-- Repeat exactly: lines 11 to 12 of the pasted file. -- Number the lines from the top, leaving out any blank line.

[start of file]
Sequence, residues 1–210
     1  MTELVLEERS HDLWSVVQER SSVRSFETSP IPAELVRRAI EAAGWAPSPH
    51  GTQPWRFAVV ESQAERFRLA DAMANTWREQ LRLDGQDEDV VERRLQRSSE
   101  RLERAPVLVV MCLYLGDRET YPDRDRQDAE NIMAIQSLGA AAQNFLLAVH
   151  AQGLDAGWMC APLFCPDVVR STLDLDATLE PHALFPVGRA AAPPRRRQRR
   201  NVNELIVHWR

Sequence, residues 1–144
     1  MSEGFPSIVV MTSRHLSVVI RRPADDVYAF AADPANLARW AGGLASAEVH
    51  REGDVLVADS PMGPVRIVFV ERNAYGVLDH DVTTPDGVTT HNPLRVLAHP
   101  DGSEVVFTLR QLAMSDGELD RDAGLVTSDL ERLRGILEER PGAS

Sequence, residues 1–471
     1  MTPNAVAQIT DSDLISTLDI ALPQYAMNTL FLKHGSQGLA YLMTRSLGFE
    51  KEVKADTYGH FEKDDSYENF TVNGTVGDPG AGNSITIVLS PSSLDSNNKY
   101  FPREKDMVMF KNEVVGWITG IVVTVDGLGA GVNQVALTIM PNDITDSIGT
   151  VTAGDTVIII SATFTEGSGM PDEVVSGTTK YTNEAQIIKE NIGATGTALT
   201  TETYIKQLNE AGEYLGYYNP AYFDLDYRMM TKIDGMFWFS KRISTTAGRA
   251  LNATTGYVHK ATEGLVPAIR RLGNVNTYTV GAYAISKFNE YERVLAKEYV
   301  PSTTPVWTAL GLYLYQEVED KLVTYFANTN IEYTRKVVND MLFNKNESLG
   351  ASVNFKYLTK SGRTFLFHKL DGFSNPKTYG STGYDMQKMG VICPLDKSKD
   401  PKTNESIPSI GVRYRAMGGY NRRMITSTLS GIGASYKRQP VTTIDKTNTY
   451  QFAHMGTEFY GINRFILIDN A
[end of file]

Sequence, residues 1–471
     1  MTPNAVAQIT DSDLISTLDI ALPQYAMNTL FLKHGSQGLA YLMTRSLGFE